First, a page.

The jig is up for Ramaphosa
This, of course, was a ridiculous assumption. Cyril Ramaphosa is playing a double game, promising to clean up corruption (which is laudable) while keeping the radical and disaffected wing of the ANC in check with talk of expropriation without compensation (EWC). He sure is covering a lot of ground there.
Let's make one thing clear: SA is dead as an investment destination if EWC sees the light of day. In fact we are already there. The country's capital account has been screaming towards zero since 2012 when the sheer criminality of the Zupta era came to light (see the graph below). Money is fleeing the country, and Ramaphosa has had little impact on this rather long-term trend.
On a recent visit to Germany, the Institute of Race Relations project manager Terry Corrigan got a sense of how the Germans see us.
Says Corrigan: "Some of those with whom we discussed the issue noted the disjuncture between President Ramaphosa’s investment initiative and the negative effect of these policy choices on the actual investment environment. (It’s as well to point out that what is required is less soothing words and explanations than guarantees that South Africa is open and receptive to foreign capital.)
"For the moment, EWC is a self-inflicted hindrance to South Africa’s investment ambitions."
Capital Economics explains why it is so downbeat on SA:
There are three key reasons why it doubts that the economy will stage a sharp recovery in Q2.
First, while temporary factors contributed to the fall in output in Q1, they only explain a small share of the contraction. It’s true that the drop in mining production was exacerbated by temporary disruptions in the platinum sector. But these explained less than a fifth of the 2.5% q/q fall in mining production. And while the Western Cape’s drought may have weighed on the agricultural sector, recent survey data suggest that the sector will remain weak later this year.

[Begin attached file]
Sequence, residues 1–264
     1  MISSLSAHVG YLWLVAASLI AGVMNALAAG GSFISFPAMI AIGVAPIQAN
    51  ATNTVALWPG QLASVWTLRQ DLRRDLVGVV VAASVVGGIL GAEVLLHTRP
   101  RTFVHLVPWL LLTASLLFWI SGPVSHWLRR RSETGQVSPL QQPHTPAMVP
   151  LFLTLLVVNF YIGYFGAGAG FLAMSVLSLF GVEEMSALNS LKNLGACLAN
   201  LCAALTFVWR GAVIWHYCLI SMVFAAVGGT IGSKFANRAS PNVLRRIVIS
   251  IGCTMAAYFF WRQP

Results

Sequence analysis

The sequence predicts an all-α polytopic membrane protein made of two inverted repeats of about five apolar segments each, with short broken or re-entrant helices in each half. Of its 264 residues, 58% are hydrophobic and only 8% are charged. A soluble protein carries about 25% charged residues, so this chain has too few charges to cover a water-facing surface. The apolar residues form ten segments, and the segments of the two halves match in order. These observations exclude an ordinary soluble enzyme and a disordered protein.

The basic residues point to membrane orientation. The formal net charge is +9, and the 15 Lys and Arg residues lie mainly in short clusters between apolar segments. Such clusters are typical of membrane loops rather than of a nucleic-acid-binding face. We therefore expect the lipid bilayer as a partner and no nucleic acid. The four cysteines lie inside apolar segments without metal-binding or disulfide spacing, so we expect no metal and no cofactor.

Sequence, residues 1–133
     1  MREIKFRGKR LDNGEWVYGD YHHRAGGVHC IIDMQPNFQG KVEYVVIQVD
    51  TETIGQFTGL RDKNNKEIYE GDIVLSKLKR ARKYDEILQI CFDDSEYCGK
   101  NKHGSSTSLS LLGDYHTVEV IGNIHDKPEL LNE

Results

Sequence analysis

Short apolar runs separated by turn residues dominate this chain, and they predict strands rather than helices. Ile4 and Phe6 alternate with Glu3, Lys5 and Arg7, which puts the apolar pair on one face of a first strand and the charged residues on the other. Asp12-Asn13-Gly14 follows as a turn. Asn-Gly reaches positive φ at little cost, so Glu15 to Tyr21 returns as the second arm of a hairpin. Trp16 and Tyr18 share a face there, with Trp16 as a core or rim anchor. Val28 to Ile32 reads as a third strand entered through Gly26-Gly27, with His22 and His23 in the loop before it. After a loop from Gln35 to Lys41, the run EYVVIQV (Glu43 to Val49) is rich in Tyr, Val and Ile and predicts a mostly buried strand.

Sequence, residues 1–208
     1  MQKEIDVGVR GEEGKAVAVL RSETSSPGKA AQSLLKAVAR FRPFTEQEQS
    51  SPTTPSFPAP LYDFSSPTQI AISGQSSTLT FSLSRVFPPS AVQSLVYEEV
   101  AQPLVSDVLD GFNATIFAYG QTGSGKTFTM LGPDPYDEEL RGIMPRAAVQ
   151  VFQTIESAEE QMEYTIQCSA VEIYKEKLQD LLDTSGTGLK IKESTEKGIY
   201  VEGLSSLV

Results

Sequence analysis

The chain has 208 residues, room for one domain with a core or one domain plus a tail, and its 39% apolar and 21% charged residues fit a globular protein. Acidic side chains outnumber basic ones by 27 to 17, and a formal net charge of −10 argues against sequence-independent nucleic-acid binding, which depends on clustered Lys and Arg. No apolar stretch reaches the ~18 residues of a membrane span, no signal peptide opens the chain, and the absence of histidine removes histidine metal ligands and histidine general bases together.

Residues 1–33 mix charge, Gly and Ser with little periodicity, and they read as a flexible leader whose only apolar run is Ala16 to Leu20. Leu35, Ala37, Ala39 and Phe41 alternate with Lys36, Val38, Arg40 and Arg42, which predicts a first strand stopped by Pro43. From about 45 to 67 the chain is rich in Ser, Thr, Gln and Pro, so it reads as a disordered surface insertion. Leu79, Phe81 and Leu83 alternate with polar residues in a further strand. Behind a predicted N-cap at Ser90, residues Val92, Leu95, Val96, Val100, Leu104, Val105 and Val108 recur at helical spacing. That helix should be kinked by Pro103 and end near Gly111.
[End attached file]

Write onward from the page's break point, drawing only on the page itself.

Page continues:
Second, President Cyril Ramaphosa’s first few months in office have seen both a faster-than-expected move towards fiscal austerity and an unhelpful lack of policy clarity. VAT hikes will help to stabilise the public finances, but they are a painful drag on domestic consumption. And while Mr. Ramaphosa has moved rapidly in some areas (e.g. replacing the leadership at Eskom), his delays regarding the renegotiation of mining rights have probably deterred investment. The reopening of the land reform debate may also have spooked some investors.
Third (and not unrelated) the optimism surrounding Mr. Ramaphosa has proved fleeting. The president’s rise to power provided an immediate boost to business and consumer confidence. And survey respondents thought that things would only get better; the PMI survey measuring expectations of conditions in six months’ time jumped even farther than the headline index. Neither effect, however, has lasted. This gloomy reappraisal of the economy’s prospects has poured cold water on hopes that ‘Ramaphoria’ will translate into a tangible boost to demand later this year.
The jig is up. Ramaphosa is hostage to the electoral base, and the sumptuous system of patronage perfected by his predecessor, Jacob Zuma. He can't undo it without wrecking the ANC. In the process, the slow but relentless destruction of the economy seems the only certainty we can take to the bank.